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The numbers game

By Squinter

PICK a number – any number… That’s normally the line of a TV magician about to pull off a card trick, but in the wake of this week’s Belfast Telegraph poll on the issue of a border referendum, it’s been the number crunchers and analysts in the newspapers and on the airwaves who have been zeroing in on certain digits only.

The key figure for the Belfast Telegraph is the 7.7 per cent of people in the north who told the pollsters that they would vote for a united Ireland tomorrow if there was a referendum. That led the Tele to report in the first paragraph of its super soaraway exclusive that “there is still no significant appetite for a united Ireland”. And indeed if there were only that number of people polled who want to do away with the border right away then that might be a major blow to republicans, and a major boost to unionists (or indeed, dare we say it, to unionist newspapers).

But in fact the number of people in favour of a united Ireland sits at over 40 per cent mark, according to the Tele poll, because 32.5 per cent of respondents said they would vote Yes to a united Ireland in 20 years, which is to say that the poll found that 40.2 per cent of all people in the north are united Irelanders, with most of them wanting to wait a while before the border is removed. And while 20 years may seem a long time, remember the 20th anniversary of the first IRA cessation was celebrated in August, when most of us were saying, good grief, how quickly did those years go by?

And when we consider that when the Scottish referendum began two years ago the Yes vote was somewhere around the low 30s, we can begin to see that the key figure in there might not be the 7.7 per cent one after all.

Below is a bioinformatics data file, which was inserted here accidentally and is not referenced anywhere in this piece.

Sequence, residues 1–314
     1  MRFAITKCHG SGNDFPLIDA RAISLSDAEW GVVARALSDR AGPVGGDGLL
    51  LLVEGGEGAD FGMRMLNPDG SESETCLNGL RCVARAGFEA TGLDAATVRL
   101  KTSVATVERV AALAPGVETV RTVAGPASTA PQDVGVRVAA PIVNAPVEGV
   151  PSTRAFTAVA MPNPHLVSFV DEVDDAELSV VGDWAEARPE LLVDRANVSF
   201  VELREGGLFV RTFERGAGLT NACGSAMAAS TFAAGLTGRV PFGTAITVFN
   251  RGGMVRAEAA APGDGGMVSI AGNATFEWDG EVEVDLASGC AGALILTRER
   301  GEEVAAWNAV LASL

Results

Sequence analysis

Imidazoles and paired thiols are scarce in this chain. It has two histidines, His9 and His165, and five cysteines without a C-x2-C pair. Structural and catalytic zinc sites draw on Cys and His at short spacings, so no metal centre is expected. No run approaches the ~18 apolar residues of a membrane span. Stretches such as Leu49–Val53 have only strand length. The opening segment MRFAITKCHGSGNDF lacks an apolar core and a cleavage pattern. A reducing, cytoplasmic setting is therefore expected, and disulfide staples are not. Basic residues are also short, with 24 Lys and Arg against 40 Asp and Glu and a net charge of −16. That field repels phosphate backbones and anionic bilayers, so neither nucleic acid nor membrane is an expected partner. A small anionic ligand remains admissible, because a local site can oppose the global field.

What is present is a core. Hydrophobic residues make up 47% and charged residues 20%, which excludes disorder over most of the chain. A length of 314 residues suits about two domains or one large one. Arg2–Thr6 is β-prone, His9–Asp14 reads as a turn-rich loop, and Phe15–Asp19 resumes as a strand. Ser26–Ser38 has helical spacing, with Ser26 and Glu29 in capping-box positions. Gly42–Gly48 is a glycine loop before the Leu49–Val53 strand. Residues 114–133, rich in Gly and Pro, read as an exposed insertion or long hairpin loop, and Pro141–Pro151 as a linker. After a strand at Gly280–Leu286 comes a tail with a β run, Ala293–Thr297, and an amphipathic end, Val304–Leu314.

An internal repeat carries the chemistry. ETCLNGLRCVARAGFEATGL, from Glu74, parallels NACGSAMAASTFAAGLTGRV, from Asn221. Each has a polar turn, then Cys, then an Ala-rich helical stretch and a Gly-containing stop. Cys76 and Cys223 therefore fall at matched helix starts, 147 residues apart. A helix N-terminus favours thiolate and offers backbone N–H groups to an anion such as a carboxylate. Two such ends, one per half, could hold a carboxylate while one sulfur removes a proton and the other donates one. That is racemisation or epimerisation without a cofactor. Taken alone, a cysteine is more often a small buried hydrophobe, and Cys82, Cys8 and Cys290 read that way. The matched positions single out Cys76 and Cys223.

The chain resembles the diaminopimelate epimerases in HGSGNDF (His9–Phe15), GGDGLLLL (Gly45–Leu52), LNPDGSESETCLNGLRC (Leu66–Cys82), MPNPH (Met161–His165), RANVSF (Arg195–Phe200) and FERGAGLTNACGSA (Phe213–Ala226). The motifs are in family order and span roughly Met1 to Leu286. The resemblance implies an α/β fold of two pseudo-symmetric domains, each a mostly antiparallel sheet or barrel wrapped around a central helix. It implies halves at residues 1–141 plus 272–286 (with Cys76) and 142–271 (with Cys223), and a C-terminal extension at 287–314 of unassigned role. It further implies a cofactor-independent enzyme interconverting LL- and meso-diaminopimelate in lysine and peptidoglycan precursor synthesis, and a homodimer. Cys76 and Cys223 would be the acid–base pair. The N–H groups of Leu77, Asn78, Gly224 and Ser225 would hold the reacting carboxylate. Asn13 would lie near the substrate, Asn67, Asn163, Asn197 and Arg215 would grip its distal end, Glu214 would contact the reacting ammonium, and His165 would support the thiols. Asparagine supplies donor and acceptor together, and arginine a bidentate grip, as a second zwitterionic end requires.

Some unionist Twitter users have begun to put the 7.7 number triumphantly on their account pictures, as if the 40.2 number didn’t exist, or as if loyal Ulster is of one mind on the future. But in fact 30.8 per cent of Protestants polled had no opinion on the border; 1.8 per cent were in favour of a united Ireland tomorrow; and 9.6 per cent are in favour of a united Ireland in 20 years. Throw those figures into the ‘open to persuasion’ mix and that 7.7 becomes even less significant than unionists think it is.

So you begin to see that while the bookies would lay short odds on the likelihood of the border staying, the picture is a lot more fluid and uncertain than some would have you think. In fact, as already touched on, without the referendum even having been agreed to, much less a date set, loyal Ulster is in much more of a constitutional tumult than Scotland was. And that’s before we even start to consider the 56.2 per cent of people in favour of a referendum at a time when it is vigorously opposed by all the major unionist parties.

And after considering all that, now we get down to wondering which side is going to perform best when it comes to performing the lost art of mass personation.

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